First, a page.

It’s really hard to critique a movie in any short period of time after seeing it for a couple of reasons. First, it’s somewhat unfair of us armchair critics to sit here and pass judgment on something countless filmmakers worked on for months and months after having thought about it for just a couple of days. It’s also difficult because of how much information there is to process. In any film you could completely miss underlying themes, camera movement, lighting, good roles, anything you could like about a film you could completely miss because of how much there is to think about when watching the movie. And the truth is, the first time I watch a movie I don’t want to think about it. I just want to let it flow over me and see how it affects me at a base level before I start turnin’ my gears. And I have to say, at a base level, Beast of the Southern Wild affected me greatly.
Now, when you have nine Best Picture nominees and they are all good as they are, it usually comes down to taste when deciding which one you hope to win. Did you have a higher connection with a movie that’s more emotional like Les Miserables, or did you like light-hearted down to Earth style of Silver Linings Playbook? Did you indulge in Tarantino’s revenge fantasy or did you prefer Daniel Day-Lewis’ spot on Lincoln impression? Do you like the stylized truthiness of Argo and Zero Dark or the stylized fantasy of Beasts of the Southern Wild and Life of Pi? The answer to these questions depend on base differences in everyone. While I can try and look at films objectively and appreciate them from a technical stance, which movies become my personal favorites will depend on the kind of emotional connection I make to that movie and that’s a very subjective thing. With all that said, if I were judge of the world Kanye West would win a Grammy every year he’s alive and Beasts of the Southern Wild would win Best Picture this year.
Bold statement, I know. Not a lot of people are rooting for this movie besides hipsters who like to live in the minority while being in the majority, like me. To explain why I liked this film so much I need to first explain what I think a movie should do since there seems to be some disagreement as of late. This is, once again, filed under my personal opinion of what a movie’s purpose is beyond entertainment, though we all know entertainment is the first and foremost reason movies exist. But how are we entertained? It not only has to do with emotional connection, but drama at it’s source. We want to see compelling characters in driving plots. We want to think about nothing else except what’s on screen and what could possibly be coming next. Depending on how well the characters take us through the narrative guides how well we connect with the story and ultimately how it affects us. To me, movies like Argo and Zero Dark Thirty are held down from being ultimately satisfying because they want to mirror reality, and while mirroring reality is an achievement in its own in cinema, I personally prefer movies that aren’t held down by facts or put under a microscope because they claim to use them. Really all I’m saying is I prefer fiction to docudrama.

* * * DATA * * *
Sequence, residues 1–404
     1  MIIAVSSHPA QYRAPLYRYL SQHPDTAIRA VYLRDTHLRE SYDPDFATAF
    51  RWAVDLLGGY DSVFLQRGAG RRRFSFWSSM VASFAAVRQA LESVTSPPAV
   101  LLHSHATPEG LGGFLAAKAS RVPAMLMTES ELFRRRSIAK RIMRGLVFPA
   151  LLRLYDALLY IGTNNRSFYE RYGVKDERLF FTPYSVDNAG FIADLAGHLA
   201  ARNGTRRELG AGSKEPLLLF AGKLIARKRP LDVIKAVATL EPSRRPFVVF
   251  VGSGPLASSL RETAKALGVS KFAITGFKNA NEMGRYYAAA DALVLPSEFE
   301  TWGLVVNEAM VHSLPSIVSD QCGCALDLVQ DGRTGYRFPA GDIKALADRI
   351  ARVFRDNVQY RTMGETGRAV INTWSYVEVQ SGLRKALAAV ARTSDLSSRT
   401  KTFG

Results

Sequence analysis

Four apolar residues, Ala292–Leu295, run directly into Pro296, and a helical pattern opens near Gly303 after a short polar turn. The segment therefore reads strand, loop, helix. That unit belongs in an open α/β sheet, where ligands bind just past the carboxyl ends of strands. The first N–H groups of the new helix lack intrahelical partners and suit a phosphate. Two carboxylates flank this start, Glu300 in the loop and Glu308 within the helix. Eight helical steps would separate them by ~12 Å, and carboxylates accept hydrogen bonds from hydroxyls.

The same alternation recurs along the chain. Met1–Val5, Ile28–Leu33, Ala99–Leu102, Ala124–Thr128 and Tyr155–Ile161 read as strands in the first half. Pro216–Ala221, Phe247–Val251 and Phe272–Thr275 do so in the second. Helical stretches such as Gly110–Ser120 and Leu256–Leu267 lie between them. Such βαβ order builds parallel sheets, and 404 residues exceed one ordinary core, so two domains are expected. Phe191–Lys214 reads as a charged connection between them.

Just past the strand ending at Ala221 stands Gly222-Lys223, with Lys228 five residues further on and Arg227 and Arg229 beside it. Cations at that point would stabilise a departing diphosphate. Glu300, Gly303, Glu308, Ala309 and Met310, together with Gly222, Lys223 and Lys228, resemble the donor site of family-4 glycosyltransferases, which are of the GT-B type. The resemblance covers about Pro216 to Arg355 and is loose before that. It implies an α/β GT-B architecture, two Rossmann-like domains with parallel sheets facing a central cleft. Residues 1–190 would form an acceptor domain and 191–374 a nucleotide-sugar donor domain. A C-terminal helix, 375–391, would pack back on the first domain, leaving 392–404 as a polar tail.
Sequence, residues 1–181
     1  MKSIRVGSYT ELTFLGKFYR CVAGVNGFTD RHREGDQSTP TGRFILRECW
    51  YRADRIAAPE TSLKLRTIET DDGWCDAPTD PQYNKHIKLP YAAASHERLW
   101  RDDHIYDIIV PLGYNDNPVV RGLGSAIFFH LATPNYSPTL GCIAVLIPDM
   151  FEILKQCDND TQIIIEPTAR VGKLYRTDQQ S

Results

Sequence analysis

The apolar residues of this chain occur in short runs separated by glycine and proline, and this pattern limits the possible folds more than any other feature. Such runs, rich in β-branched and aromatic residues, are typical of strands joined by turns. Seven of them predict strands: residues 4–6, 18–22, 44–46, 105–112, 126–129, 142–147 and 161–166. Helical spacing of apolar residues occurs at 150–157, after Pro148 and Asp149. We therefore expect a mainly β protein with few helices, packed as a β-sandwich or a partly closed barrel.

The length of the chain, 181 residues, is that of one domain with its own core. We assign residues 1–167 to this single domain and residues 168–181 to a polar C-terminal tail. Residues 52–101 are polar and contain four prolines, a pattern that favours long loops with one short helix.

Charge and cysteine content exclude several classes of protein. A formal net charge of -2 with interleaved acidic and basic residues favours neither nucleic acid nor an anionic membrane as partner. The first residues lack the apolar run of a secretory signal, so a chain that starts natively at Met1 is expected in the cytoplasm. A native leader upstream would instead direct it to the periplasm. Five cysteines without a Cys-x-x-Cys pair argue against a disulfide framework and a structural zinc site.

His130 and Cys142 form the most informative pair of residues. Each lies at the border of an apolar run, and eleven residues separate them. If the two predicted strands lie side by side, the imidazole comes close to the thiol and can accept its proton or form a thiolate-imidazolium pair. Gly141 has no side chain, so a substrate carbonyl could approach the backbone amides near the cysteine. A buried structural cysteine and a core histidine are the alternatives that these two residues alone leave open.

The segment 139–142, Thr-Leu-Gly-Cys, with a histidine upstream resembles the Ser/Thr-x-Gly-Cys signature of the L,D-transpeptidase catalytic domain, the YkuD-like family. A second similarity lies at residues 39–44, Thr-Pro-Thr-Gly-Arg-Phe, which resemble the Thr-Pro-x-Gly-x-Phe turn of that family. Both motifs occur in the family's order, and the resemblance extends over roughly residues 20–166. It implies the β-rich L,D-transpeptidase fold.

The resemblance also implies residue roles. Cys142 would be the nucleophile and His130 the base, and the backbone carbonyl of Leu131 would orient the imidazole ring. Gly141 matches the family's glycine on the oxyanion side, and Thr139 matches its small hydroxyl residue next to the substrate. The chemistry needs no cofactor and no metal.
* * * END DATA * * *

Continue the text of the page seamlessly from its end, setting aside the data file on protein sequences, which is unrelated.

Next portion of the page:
Let’s start at the beginning of the film, it starts off very strongly. Immediately you can tell we are in a world other than our own. I mean, it’s the same world as ours. It takes place in present day and in America. The protagonist of this movie lives on the outskirts of New Orleans on a small island that might as well me a floating plot of land in the ocean. Immediately we can tell their lifestyle is different from what we’re used to. It’s a mix of Cajun friendliness, local rules, and a hint of survival. They see themselves as outsiders, and they take great pride in it. This is established immediately, and I think it is one of the more charming aspects of this film. A lot of the actors were New Orleans locals and you can feel that vibe. You can feel their pride for their slice of heaven, living off of the ocean. In the opening scene we are introduced to Hushpuppy, the adorable and surprising little girl we follow throughout the movie. She loves animals and practically lives among them, sleeping in a shack separate from her father. Through her opening monologue two things are very clear.
1. She has a passion for animals and how the world is able to fit them all together.
2. The people of The Bathtub, where the film takes place, are a good time loving people living the lives we all wish we could live sometimes. Hushpuppy says, “The bathtub has more holidays than the whole rest of the world” as the residents of Bathtub herd to the street for a makeshift parade, waving liquor bottles at each other while singing and playing instruments.
And with that opening I was hooked. There may be some points in this film where it seems to lose focus or go off course, but the people of The Bathtub fascinated me and made me jealous and hateful to myself for living near a McDonald’s and having a job in a law firm. They made me think about what I would have been like if I was brought up there. How much more fun, more work my life would have been. It’s a movie that created a new reality for you, like Star Wars or Bladerunner might, yet it takes place right here and now. I loved how different this film managed to be without having to go into the past or zoom into the future, without even having to be set in an alternate reality. It zoomed in on a life we have never seen before even though it’s out there to see. Post-Katrina New Orleans is a very real place, and the world as we know it is shifting. It is in that tectonic shift that this film takes place, somewhere between society and wilderness.